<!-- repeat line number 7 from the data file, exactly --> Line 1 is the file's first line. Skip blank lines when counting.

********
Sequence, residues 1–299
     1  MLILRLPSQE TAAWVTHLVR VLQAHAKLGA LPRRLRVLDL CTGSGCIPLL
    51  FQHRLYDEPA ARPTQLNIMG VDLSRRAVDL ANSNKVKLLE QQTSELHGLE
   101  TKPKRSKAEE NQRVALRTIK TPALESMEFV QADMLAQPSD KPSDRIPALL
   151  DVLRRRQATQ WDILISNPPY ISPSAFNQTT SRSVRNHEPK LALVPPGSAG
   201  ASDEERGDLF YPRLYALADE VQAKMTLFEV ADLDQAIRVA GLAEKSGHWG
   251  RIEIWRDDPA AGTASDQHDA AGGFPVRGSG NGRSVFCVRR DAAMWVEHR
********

   251  RIEIWRDDPA AGTASDQHDA AGGFPVRGSG NGRSVFCVRR DAAMWVEHR